HYDERABAD: The AICTE’s recent measures — be it shutting down courses that have less than 30 per cent enrolment rate, uniformity of norms for all BTech colleges, having a minimum number of labs, or even the possibility of doing away with the regulatory body itself and replacing it with a new umbrella body for all higher education institutions— have made it imminent for engineering colleges to either revisit their course structure or face the risk of becoming irrelevant.
“As a society, we got carried away. We saw the demand and a ridiculous number of colleges started offering the course,” says Ramesh Loganathan of Co-Innovation Lab at IIIT Hyderabad. “All this mostly happened around 2008, by the time these students graduated in 2013 we were hit by the recession. It soon became a problem of plenty: more graduates and fewer jobs. The situation has only deteriorated in the last couple of years.” In this light, he says, AICTE’s policy changes in the form of reduction of seats or stringent teaching and syllabus norms among others are a welcome step.
Pro vice-chancellor, GITAM M Siva Prasad says though there is a need to revisit technical education syllabus, the regulatory body often makes policies that favour IITs and NITs in comparison to State government-run institutions. “There is a need to have an ideal curriculum but inputs should be sought from small private institutions as well, where a sizeable chunk of students from rural areas come to study. Giving two credits for English, for instance, will only add to the burden of such students.”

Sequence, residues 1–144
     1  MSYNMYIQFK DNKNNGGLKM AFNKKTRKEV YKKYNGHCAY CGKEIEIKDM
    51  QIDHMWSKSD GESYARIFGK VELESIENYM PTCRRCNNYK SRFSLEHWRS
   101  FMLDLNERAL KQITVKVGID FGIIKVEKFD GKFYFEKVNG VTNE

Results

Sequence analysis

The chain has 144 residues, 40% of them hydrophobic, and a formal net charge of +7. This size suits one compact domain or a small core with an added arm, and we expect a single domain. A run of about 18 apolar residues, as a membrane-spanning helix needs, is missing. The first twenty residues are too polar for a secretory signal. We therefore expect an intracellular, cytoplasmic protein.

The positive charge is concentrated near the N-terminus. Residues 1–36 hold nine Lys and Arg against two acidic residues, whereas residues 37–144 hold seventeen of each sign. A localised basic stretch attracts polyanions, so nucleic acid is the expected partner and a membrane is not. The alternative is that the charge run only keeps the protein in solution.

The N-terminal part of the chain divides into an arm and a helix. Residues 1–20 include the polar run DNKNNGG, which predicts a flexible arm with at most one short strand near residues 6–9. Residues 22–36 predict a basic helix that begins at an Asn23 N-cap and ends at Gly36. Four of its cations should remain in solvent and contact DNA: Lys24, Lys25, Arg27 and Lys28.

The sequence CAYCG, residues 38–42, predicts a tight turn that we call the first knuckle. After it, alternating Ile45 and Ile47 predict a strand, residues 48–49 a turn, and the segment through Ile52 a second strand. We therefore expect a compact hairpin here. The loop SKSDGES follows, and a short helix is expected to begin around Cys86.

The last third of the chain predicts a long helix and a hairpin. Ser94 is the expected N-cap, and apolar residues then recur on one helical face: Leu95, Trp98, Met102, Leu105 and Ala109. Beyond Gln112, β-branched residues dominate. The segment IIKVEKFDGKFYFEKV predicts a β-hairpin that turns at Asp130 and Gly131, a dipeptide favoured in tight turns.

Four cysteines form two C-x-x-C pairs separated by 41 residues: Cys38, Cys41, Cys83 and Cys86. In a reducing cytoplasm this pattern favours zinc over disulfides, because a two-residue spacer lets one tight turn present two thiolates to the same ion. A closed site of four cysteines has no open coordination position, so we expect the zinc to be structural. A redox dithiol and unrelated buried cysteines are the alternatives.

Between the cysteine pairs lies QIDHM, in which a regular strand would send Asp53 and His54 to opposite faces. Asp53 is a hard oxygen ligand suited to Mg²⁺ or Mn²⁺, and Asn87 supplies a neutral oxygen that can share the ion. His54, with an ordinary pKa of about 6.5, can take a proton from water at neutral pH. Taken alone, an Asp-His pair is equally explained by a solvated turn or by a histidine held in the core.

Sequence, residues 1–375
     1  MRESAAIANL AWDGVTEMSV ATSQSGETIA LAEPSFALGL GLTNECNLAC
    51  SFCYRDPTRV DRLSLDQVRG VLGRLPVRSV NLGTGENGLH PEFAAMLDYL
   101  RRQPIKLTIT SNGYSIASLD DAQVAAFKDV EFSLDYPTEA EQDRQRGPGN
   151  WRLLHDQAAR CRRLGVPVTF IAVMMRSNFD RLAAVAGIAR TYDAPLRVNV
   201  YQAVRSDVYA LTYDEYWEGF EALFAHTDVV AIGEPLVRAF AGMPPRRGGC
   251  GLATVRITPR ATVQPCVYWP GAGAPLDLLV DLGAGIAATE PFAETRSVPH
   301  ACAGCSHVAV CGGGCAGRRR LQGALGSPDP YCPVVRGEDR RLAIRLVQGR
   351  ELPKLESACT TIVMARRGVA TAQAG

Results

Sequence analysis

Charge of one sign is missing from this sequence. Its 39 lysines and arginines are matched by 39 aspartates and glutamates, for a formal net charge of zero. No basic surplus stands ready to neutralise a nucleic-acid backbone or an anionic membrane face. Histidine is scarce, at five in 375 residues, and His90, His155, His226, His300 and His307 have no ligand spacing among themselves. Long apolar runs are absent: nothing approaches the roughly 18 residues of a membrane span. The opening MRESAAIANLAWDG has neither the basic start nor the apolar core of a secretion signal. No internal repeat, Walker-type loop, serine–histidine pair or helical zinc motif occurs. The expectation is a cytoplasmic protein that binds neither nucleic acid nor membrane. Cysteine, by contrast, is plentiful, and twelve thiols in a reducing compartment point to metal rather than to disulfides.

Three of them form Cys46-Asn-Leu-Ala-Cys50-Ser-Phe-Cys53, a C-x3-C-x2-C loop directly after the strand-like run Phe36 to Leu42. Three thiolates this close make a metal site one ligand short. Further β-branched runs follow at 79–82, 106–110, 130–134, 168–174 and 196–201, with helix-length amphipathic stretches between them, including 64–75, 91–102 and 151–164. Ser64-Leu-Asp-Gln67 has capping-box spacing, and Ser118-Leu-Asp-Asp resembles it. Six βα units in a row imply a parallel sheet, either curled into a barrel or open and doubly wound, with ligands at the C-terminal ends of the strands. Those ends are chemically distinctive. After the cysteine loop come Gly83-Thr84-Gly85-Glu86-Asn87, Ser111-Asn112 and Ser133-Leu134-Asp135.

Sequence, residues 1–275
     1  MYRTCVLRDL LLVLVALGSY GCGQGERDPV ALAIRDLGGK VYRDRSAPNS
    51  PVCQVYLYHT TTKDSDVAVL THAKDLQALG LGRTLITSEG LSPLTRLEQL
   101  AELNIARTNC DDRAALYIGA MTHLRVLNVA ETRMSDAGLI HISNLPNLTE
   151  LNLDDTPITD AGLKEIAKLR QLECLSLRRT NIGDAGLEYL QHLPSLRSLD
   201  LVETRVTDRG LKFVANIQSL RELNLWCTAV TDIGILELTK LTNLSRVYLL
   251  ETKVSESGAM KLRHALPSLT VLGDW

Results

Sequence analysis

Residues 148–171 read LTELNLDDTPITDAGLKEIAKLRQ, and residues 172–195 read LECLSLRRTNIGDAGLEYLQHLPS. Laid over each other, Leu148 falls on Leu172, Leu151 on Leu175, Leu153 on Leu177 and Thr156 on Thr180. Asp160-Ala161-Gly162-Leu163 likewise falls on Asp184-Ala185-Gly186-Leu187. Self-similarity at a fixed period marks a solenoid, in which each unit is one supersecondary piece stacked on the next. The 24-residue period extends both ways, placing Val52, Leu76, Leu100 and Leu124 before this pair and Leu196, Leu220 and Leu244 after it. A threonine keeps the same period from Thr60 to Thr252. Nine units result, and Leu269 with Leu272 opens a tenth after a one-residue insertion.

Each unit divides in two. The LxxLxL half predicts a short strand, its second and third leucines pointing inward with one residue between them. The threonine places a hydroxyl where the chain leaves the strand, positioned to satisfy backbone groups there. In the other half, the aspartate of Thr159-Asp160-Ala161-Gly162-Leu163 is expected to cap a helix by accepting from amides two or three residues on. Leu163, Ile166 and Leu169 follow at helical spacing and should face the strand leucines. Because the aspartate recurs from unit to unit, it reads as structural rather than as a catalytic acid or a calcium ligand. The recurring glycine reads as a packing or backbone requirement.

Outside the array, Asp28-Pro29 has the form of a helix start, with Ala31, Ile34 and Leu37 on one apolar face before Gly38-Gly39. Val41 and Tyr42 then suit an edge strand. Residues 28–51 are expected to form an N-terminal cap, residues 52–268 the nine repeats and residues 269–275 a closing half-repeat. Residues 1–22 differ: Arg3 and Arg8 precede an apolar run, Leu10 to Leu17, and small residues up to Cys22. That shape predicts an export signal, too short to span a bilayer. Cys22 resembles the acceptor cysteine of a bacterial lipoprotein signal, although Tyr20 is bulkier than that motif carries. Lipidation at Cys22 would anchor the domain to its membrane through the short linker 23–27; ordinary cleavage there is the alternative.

With ‘qualified but unemployed’ being a perennial problem, it’s not just AICTE but even the Telangana State Council of Higher Education has woken up to revamp its strategies and policies. In a brainstorming session the TSCHE convened with stakeholders to chalk out the mission of higher education in the State, chairman Papi Reddy had said that curriculum revision from intermediate to post-graduation was on cards. “Though the Gross Enrollment Ratio in higher education in the state is 36 per cent, students are unable to find jobs, this is because the syllabus being followed is not catering to the current industry requirement, and has to be revamped,” he says.
From being the revered course that promised a plum paycheck and a secured future, has Engineering in the past few years become more of a liability than a degree that begets an employment? Loganathan, while admitting that job growth has fallen from 40 per cent to 11 per cent, says that Hyderabad still has a 5-lakh-strong IT industry where a minimum of 5 per cent of fresh recruitment happens every year.
“Colleges just need to relook at the quality of education they are imparting and focus on practice and practical rather than rote learning,” he says. Prasad agrees: “Experimental and experiential learning” is the way forward if engineering colleges want to remain relevant.